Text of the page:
For Squamish Nation member Chris Lewis, the first annual Truth and Reconciliation Day will be a time to reflect.
“I’m going to spend this day with family and friends and just kind of continue to talk about it — continue to have those discussions,” said Lewis, who is a former councillor and spokesperson for the Nation.
In this case, he was speaking regarding his personal views, not those of the Nation.
In addition to observing the day itself, Lewis will be spending time educating organizations about what it means.
“I’m going to spend a week reflecting on the day and educating folks around the thoughts around reconciliation, the thoughts around, ‘How do we get to the truth?’” he said. “And empowering everyone — Indigenous and not — to let them know that everyone has a role.”
Indeed, it’s a question that a lot of people will have to ponder as Canada marks its newest holiday for the first time.
It’s a tricky endeavour, as Truth and Reconciliation Day was declared fairly recently, having received royal assent on June 3.
“The federal government kind of sprung this on us very suddenly,” said Lewis. “So I feel like everybody is scrambling to say, ‘What do we do?’”
He noted the Nation will have its own event that day.
A downtown Truth And Reconciliation Commemoration event at O’Siyam pavilion will take place from1 p.m. to 3 p.m. in Squamish. The event will be used to honour those who attended residential schools — both survivors and those who didn’t make it back.
Lewis said that it would be good for everyone to honour that moment in their own way and he challenged people to think of how to best mark the day next year.
Indeed, the response to the holiday has been somewhat scattered.
All provinces have not recognized the federal mandate, and, as a result, many people in the private sector do not have the day off.
B.C. has not recognized Sept. 30 as a statutory holiday.
In a press conference, B.C.’s Indigenous relations minister, Murray Rankin, said that the province is in discussions as to whether it will follow the lead of the federal government.
“Consultations with the broader private sector are ongoing as we speak, and there will no doubt be announcements made over the next while as to how that unfolds in this province,” said Rankin.
He was speaking on Sept. 27, when the province announced that it had decided that $1.5 million previously earmarked for the province’s Residential School Response Fund would go toward mental health support.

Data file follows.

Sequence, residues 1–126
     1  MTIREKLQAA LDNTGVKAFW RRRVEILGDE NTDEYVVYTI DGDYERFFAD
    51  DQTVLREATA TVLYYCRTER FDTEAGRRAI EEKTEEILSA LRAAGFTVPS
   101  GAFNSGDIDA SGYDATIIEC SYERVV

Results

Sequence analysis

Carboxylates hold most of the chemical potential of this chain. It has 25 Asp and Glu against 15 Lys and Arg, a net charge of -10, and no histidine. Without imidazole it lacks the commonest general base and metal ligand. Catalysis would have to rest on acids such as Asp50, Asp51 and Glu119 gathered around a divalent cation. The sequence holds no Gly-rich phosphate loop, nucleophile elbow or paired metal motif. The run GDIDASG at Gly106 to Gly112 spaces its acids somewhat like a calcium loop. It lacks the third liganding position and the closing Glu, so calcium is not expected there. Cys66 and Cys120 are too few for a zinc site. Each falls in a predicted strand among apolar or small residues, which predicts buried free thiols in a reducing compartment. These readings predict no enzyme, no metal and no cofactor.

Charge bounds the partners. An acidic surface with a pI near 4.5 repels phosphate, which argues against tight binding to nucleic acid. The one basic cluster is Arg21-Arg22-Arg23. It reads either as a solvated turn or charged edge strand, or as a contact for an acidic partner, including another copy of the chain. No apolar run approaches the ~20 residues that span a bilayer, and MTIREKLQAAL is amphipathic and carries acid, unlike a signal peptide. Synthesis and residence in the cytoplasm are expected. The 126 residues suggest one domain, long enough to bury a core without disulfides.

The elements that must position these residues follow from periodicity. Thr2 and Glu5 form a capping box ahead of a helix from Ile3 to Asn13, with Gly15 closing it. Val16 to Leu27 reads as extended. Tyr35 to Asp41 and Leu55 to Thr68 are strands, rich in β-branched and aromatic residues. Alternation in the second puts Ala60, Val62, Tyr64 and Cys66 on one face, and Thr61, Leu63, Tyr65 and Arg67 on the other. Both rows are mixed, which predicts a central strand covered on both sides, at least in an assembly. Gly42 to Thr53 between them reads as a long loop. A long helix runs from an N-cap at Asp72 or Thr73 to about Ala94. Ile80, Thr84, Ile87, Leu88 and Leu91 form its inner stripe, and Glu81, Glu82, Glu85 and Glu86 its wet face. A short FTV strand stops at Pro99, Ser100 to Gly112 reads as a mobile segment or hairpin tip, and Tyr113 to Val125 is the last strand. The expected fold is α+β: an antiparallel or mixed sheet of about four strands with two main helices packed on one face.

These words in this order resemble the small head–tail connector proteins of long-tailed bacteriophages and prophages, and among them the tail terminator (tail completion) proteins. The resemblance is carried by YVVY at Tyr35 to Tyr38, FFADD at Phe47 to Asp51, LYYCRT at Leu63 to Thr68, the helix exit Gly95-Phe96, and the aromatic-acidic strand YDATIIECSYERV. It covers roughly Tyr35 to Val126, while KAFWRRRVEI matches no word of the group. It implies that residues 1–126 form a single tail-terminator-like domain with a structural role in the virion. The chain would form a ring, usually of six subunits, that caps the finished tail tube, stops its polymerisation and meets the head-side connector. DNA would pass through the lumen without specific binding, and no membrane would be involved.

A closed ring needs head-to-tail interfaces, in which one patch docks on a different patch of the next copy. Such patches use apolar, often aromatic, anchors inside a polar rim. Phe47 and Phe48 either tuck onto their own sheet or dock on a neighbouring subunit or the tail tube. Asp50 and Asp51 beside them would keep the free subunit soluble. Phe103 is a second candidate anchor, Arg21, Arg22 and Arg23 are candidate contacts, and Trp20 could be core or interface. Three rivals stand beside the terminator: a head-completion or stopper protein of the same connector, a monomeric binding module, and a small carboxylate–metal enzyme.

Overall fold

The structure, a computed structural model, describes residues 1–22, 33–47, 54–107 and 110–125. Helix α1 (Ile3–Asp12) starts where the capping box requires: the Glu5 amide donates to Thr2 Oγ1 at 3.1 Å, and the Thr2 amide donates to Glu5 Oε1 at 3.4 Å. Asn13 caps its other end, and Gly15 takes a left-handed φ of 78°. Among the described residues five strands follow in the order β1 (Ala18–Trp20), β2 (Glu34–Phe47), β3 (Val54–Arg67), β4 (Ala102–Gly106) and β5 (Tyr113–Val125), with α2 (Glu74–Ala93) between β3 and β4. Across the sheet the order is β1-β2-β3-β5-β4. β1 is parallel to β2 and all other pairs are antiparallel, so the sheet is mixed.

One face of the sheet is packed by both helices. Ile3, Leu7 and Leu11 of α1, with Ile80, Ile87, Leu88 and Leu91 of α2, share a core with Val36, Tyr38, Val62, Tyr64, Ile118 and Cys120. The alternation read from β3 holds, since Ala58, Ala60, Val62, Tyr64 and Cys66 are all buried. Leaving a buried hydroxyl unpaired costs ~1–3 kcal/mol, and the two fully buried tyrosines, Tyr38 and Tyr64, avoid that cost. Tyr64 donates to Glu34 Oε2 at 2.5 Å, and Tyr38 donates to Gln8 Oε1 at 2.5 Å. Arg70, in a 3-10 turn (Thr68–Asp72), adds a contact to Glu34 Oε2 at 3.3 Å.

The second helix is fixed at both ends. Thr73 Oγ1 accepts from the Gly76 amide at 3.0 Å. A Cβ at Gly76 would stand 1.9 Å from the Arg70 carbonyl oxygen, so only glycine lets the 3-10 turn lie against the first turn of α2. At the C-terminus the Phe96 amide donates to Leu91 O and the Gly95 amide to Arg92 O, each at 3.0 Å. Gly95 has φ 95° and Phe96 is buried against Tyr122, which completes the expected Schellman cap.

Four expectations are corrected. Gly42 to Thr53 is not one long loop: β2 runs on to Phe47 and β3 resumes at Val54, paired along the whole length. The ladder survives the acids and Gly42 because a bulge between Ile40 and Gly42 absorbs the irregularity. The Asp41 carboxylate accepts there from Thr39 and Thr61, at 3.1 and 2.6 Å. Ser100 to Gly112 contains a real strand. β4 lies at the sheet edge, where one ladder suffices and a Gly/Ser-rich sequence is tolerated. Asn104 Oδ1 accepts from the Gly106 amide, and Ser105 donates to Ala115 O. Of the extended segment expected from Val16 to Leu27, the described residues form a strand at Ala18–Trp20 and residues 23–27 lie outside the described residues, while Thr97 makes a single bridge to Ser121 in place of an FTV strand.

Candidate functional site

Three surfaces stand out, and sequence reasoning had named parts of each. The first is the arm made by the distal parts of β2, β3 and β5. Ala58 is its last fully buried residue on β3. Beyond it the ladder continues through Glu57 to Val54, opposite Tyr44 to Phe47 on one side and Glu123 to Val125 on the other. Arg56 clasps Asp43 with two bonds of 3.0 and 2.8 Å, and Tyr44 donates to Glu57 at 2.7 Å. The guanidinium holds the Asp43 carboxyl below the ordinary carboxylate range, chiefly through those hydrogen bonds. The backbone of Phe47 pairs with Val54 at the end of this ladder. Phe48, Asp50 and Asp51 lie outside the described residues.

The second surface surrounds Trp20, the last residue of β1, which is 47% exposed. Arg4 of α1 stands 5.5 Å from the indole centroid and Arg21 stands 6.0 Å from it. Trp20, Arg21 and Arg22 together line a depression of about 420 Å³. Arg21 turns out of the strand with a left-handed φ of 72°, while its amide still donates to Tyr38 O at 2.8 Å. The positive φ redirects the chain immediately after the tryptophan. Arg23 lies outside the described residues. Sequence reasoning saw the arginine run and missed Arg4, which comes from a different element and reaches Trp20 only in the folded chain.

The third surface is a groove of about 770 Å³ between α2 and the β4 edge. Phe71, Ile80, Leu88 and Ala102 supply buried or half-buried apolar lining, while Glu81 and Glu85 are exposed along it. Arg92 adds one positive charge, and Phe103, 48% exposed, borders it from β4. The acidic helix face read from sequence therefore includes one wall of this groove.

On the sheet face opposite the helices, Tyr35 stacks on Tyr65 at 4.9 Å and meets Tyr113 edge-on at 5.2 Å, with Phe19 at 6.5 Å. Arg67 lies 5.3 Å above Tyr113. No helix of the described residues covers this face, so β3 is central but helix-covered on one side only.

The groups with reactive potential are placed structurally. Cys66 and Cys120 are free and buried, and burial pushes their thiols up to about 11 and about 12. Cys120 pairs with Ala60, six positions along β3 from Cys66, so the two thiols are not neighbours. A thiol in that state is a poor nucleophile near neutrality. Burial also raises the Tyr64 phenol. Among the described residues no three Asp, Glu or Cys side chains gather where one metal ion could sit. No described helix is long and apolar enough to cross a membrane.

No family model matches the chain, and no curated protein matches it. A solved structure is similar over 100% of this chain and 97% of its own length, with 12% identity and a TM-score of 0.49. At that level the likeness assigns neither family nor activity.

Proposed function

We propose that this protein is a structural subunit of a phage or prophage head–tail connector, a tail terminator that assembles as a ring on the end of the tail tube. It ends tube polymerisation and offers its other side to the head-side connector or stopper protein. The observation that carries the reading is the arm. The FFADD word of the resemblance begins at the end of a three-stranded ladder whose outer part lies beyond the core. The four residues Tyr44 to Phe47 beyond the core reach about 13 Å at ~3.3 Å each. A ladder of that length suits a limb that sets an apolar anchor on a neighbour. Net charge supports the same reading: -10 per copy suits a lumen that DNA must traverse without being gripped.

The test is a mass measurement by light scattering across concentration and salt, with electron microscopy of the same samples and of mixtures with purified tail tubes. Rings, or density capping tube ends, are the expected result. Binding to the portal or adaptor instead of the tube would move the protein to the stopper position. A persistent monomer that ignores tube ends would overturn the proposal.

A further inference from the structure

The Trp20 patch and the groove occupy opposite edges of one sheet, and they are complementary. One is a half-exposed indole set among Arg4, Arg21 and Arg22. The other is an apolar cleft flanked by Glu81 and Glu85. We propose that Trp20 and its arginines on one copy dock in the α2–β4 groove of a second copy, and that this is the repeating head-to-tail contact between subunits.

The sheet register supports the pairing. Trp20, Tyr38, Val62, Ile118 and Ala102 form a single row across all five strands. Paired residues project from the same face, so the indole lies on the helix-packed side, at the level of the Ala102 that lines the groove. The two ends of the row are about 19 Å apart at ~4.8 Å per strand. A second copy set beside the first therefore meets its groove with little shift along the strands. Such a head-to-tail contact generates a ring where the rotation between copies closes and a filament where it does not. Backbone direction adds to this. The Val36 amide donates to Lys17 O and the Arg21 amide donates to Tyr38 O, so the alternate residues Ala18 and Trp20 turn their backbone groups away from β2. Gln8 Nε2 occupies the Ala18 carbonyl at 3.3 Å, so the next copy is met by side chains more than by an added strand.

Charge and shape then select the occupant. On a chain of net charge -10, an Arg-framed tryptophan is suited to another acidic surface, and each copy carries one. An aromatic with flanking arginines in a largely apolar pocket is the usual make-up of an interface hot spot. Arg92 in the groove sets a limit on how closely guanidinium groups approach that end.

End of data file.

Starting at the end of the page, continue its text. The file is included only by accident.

This includes money for the Indian Residential School Survivors Society support line, the Tsow-Tun Le Lum Society and the Métis Counselling Connection Program.
Lewis said the federal government’s royal assent of the day is a good first step, but provinces should also take it upon themselves to recognize the occasion.
“I think it’s incumbent on all levels of government to recognize this national day and to give all employees the day, just like what we do with other national statutory days or holidays,” he said.
“To give that day so people can start learning.”
As for suggestions of how people could honour the day, Lewis said that one way would be to look at the Truth and Reconciliation Commission’s 94 calls to action.
“Pick one that jumps out at you, whatever it is,” said Lewis. “Pick one and be a champion and be an advocate for that one call to action. Whatever touches your heart. And if that means learning more, then learn more. That’s what I’d encourage everyone to do.”
SFU assistant professor Lyana Patrick, who is Dakelh from the Stellat’en First Nation, said creating a holiday is a step in the right direction.
“It’s one step in a lot of steps that need to be taken with this history and the fact that, of course, it continues to reverberate today,” said Patrick.
There are several things that people can do to mark the occasion, she said.
A number of university campuses, like the one where Patrick works, have events that day.
For those who do not have a community event happening in their area, Patrick said that an easy way to get informed about the history is to find films that Indigenous creators make.
Anything from documentaries, to works of fiction can be helpful.
“There’s a whole bunch of Indigenous creators who are contributing to our knowledge of this history,” said Patrick, who herself is a filmmaker.
She recently turned heads with her animated documentary short film entitled, The Train Station, which deals with her family’s history with residential schools.
This year, it was featured by the American Film Institute.
Another thing is to find out whose territory you reside on, and figuring out the Indigenous stories, history, and names of places in that language, Patrick said.
“Even by going outside and just getting to know territories, the land that you are on, and seeing that there are other names for places, that there are other stories other than the ones that are commonly told — I think that’s a good thing to do,” she said.